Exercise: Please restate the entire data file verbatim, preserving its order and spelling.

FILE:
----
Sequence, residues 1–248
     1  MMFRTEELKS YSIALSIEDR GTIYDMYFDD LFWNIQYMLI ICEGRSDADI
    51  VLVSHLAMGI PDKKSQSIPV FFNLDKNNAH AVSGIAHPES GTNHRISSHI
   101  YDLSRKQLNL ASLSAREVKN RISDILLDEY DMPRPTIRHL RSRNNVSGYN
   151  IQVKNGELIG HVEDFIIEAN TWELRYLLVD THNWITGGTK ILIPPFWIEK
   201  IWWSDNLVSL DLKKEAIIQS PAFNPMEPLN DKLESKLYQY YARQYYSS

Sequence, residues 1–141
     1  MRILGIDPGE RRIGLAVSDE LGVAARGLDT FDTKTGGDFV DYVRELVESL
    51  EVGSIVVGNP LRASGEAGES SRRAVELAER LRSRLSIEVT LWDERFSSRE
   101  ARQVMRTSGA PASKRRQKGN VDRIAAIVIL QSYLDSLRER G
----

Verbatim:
Sequence, residues 1–248
     1  MMFRTEELKS YSIALSIEDR GTIYDMYFDD LFWNIQYMLI ICEGRSDADI
    51  VLVSHLAMGI PDKKSQSIPV FFNLDKNNAH AVSGIAHPES GTNHRISSHI
   101  YDLSRKQLNL ASLSAREVKN RISDILLDEY DMPRPTIRHL RSRNNVSGYN
   151  IQVKNGELIG HVEDFIIEAN TWELRYLLVD THNWITGGTK ILIPPFWIEK
   201  IWWSDNLVSL DLKKEAIIQS PAFNPMEPLN DKLESKLYQY YARQYYSS

Sequence, residues 1–141
     1  MRILGIDPGE RRIGLAVSDE LGVAARGLDT FDTKTGGDFV DYVRELVESL
    51  EVGSIVVGNP LRASGEAGES SRRAVELAER LRSRLSIEVT LWDERFSSRE
   101  ARQVMRTSGA PASKRRQKGN VDRIAAIVIL QSYLDSLRER G